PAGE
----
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Does DMC have an image problem? Board members think so.

Construction continues on the Alatus project on Second Street Southwest. The 13-story, $115 million apartment building is part of a surge in DMC-related private investment reported from 2018.

Members of Destination Medical Center staff and its corporate board met Thursday in Rochester to discuss ongoing DMC projects.

In a discussion meeting, another topic came up – do people like DMC?

The 20-year, $5.6 billion economic development initiative was established in 2013 to improve infrastructure and draw investment and jobs to Rochester.

"My sense is the community is not with us," said R.T. Rybak, DMC corporate board chairman and former Minneapolis mayor. "I don’t want to come down here and piss everybody off and make them think we’re taking over the town."

Some local community leaders agreed with that assessment.


"There’s, I’d say, anger in the community that this is being shoved down their throats," said Jim Bier, Olmsted County Commissioner and DMC corporate board member.

Some of that sentiment is in reaction to change that would have taken place with or without DMC, some observed.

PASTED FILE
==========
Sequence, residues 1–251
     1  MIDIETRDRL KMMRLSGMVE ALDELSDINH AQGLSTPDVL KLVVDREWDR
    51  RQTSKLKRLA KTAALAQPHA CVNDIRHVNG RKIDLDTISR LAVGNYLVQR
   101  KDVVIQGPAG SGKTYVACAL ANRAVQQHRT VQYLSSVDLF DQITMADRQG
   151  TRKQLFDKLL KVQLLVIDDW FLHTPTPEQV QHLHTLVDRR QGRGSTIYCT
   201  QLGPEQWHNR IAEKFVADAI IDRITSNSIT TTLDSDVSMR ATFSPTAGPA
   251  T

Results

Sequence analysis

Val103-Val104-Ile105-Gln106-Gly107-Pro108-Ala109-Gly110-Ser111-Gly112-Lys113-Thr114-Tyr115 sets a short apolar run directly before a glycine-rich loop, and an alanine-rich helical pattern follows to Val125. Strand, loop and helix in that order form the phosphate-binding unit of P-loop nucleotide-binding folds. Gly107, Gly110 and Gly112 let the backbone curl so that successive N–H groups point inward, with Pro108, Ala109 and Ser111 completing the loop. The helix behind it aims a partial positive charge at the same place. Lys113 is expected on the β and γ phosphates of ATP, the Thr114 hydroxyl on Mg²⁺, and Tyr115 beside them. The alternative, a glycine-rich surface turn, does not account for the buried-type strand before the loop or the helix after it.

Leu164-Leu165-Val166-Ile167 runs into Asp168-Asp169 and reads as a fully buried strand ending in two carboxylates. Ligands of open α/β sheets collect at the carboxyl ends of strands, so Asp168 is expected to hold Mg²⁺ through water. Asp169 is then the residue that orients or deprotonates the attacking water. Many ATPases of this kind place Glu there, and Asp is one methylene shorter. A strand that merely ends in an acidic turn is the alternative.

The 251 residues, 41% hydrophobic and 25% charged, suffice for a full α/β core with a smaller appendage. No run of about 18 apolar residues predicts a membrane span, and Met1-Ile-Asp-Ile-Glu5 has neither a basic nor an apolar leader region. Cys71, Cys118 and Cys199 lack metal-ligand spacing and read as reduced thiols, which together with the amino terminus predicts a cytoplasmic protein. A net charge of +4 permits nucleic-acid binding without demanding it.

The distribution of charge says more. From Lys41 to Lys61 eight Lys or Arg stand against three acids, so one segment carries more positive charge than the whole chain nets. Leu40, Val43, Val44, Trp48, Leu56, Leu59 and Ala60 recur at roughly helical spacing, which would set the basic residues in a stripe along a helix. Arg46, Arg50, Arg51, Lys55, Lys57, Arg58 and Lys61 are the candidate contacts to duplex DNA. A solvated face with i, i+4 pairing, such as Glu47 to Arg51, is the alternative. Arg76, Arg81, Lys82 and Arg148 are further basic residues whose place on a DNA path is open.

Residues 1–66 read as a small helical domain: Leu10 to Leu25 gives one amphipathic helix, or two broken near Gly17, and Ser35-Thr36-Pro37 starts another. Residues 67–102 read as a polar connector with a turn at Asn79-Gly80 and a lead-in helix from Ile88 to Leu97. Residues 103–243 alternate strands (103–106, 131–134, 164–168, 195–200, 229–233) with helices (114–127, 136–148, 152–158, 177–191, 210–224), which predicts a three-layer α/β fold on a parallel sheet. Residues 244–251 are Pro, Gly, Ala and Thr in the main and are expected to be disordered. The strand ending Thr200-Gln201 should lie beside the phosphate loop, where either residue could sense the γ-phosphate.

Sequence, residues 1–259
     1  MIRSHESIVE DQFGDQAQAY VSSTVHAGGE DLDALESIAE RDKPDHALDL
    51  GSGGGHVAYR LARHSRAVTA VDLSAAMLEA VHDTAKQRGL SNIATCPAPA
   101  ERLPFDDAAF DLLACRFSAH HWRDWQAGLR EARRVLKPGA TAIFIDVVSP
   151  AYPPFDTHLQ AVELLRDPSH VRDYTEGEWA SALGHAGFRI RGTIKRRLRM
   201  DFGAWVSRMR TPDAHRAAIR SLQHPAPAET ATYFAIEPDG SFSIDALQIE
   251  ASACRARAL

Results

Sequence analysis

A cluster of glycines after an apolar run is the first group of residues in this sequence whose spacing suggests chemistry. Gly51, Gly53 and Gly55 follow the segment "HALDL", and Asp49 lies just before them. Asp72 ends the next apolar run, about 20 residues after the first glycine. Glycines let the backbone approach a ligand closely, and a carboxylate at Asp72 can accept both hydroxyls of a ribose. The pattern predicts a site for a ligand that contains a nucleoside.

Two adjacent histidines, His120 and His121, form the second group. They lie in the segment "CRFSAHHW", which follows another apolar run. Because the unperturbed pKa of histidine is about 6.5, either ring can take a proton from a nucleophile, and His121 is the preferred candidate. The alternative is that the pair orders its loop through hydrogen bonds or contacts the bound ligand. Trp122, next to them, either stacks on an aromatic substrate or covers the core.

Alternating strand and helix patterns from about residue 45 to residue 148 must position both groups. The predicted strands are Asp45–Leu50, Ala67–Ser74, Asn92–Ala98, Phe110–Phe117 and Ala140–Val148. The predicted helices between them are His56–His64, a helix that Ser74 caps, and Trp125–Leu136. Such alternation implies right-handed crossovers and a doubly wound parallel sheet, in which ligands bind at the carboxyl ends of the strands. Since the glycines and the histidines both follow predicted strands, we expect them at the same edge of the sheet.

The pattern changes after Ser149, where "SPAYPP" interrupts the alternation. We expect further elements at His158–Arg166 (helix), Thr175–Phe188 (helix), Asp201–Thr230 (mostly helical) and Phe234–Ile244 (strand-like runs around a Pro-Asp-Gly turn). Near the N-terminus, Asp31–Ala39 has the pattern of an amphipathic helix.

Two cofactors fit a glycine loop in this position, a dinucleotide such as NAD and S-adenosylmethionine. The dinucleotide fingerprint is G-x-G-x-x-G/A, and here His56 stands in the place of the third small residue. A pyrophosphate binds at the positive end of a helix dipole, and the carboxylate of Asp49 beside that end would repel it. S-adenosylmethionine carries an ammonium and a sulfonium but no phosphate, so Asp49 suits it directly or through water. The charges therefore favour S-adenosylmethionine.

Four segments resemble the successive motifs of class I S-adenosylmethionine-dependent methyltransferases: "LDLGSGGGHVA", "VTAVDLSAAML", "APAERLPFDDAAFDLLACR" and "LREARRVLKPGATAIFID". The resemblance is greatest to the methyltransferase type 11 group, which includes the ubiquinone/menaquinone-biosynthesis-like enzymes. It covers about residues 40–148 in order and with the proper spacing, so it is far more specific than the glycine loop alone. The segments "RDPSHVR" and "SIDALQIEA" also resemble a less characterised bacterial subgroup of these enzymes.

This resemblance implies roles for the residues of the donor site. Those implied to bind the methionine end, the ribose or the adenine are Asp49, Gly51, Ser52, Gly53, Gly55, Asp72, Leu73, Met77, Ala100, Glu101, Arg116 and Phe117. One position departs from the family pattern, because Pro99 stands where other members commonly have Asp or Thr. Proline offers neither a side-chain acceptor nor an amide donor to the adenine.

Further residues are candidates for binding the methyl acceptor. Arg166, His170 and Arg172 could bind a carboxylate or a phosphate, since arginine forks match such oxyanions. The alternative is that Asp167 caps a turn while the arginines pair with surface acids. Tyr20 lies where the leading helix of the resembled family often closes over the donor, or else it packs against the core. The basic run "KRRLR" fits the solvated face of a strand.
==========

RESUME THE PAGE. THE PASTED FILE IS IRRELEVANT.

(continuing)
"For too long DMC has been portrayed as the cause of or solution to every problem in the community," said Michael Wojcik, Rochester City Council member. "Things were going to change no matter what."

More downtown residents and employees were going to make investment in transit necessary and parking scarce, he said.

Working to create infrastructure to accommodate that change is one of DMC’s missions.

Some projects are infrastructure improvement, including ongoing water and sewer improvements downtown. However, the results aren’t visible and the construction tends to be a nuisance.

"Seeing it right now, just means you have to drive around it," Rochester Mayor Kim Norton said in an interview after the meeting.

That’s not much of a selling point, she added.


Wojcik said more investment in transit would be a tangible change people could see.

Norton agreed, but said too early investment in transit could make justifying the costs difficult.

"It’s a chicken and egg situation," she said.

Wojcik said one transit initiative could be implemented this year -- making ridership free.

"No one can put their finger on something, my life is better because DMC is here," Wojcik said. "Let’s do something significant to help people in the community."

Responding to community needs and working with groups that also do so could help, said Gregg Wright, Olmsted County Commissioner.

"We have groups working on a livable community … we need to help them," Wright said. "We can work with those neighborhoods and how they want to preserve their neighborhoods and how we can do that."

DMC to seek $7.3 million in TIF for Two Discovery Square

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